• ·        Recognizing the need for and value of conflict management in healthcare continues to be an imperative. Health reform has not changed that fact. If anything, the need is greater. The American Bar Association Health Law Section's Conflict Task Force was an active presence at the March 2015 annual meeting called the EMI (Emerging Medical Issues). As part of that presence, I presented a program on ethics for lawyers, along with Jane Conard, on skills that lawyers need, maybe even a paradigm shift, to lead clients ethically and effectively toward awareness and use of resolution, problem-solving skills. The “I’d rather fight than switch” mantra won’t fly in healthcare. Much material from the Virginia legal community where there has been real leadership around the role of lawyers as counselors and problem-solvers was useful and well-received by the ABA health lawyers.
  • ·        The American Health Lawyers Association, which provides alternative dispute resolution, urges mediation and conflict resolution as effective, necessary early interventions to avert a host of legal battles that cost everyone and help few. AHLA offers healthcare facilities an onsite, immersive training designed by me and Jane Conard. Attention to facilitating the resolution of medical staff disputes including peer review matters has been the subject of several excellent programs that Michael Roth and Dr. Leonard Fromer have presented for AHLA and that Jane Conard, Jamie Baskerville-Martin and I presented for the ABA. Mediation or facilitation needs to be carefully set up and well executed to be productive; with that, the promise of satisfying results is great. “We” know that with the recent emphasis on Big Data and evidenced based practice in medicine, there is bound to be friction at times. Medicine is less the science that some would like to think it is. There is an element of art in diagnosis and treatment, the individuality of patients is a critical component in tailoring the treatment, and highly skilled operators, with the best interests of patients in mind, often do disagree on what to do when.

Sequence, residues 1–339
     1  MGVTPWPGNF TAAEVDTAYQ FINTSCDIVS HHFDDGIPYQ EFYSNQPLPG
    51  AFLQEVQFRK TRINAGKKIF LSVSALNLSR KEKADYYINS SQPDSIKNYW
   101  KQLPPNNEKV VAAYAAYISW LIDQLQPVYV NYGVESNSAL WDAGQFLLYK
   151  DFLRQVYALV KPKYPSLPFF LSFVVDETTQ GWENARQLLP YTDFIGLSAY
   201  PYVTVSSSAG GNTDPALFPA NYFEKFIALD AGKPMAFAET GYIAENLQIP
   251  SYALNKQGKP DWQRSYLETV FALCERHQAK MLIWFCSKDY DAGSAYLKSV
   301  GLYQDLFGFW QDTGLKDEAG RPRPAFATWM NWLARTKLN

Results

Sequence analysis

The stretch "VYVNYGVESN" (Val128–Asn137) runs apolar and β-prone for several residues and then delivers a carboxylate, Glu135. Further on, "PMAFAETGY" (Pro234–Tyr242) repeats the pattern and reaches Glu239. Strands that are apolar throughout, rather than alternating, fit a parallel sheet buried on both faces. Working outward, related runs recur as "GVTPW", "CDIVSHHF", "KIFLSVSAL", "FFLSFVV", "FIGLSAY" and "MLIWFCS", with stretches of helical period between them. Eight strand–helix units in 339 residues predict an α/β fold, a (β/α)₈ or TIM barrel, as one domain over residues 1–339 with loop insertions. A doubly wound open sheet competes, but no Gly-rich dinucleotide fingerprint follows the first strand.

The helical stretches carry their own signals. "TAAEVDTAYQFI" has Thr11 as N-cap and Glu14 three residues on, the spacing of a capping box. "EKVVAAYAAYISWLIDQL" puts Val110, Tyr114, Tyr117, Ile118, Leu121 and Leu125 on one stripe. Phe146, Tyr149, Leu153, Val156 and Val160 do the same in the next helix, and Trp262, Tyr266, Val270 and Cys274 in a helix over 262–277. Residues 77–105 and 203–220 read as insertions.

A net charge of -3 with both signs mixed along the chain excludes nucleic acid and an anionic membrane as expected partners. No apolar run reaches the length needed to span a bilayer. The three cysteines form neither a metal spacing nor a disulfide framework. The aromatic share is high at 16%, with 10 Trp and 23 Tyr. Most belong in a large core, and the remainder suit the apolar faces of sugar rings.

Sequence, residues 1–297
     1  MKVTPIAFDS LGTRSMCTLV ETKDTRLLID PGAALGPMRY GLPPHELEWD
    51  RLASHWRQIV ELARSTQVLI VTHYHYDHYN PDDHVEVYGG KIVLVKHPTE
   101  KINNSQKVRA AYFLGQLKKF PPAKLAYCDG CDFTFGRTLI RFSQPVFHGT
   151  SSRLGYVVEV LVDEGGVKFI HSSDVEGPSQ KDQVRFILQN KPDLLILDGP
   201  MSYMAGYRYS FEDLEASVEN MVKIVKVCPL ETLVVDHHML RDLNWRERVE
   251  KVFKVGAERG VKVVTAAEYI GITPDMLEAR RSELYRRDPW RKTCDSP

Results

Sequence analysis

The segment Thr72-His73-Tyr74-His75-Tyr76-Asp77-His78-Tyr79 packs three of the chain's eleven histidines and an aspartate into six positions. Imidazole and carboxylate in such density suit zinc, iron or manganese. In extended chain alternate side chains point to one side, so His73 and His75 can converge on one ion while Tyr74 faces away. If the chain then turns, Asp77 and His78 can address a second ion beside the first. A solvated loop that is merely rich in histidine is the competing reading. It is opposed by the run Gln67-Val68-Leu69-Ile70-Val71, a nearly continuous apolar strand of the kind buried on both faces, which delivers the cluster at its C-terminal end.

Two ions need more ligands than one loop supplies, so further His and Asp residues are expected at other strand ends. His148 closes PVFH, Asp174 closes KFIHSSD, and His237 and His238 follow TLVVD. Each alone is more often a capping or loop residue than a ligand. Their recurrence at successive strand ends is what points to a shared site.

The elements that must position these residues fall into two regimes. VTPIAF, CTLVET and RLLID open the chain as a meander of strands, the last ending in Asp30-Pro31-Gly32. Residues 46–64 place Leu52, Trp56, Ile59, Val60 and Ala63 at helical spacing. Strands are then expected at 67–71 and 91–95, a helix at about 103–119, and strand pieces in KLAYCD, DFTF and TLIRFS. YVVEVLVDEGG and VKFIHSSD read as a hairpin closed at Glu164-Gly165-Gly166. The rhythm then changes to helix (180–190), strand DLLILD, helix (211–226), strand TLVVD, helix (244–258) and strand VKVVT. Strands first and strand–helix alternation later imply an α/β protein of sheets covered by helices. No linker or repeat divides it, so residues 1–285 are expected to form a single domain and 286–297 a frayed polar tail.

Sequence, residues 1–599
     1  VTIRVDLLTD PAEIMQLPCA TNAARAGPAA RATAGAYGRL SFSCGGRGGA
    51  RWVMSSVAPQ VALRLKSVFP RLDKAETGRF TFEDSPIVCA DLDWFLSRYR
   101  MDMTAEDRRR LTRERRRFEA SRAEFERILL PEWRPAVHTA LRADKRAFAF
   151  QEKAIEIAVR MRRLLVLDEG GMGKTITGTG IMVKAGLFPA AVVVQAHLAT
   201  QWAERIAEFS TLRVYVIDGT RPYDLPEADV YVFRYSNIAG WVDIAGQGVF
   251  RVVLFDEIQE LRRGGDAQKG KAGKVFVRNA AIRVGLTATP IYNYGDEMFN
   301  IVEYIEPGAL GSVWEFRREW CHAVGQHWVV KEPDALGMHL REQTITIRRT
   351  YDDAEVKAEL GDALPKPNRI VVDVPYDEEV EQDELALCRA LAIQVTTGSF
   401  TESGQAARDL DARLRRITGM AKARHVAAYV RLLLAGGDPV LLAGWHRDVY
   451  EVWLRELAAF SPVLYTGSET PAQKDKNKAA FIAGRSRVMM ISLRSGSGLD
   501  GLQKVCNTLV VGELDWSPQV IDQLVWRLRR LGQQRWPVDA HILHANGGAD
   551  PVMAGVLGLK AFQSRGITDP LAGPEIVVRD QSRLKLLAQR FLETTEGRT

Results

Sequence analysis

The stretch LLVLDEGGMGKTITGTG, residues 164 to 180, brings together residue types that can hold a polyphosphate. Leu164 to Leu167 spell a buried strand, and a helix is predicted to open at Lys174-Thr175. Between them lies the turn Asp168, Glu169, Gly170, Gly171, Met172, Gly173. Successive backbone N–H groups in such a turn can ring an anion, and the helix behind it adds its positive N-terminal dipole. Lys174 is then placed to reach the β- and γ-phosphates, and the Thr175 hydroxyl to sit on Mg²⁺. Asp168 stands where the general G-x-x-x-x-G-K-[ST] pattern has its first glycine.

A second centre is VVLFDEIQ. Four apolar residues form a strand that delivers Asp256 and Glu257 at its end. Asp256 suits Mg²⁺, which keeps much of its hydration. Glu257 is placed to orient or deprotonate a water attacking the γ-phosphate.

• ·         Speaking of the last point, a great read is an old book titled, The Making of a Surgeon, by William Nolen. It’s a 45 year old book with a keenly observant perspective that remains relevant. It contains the fast-paced telling of one “unbelievable but true” story after another about how a physician learns to be one. It is common today to speak of the 10,000 hours needed to become proficient at something. That idea is not new.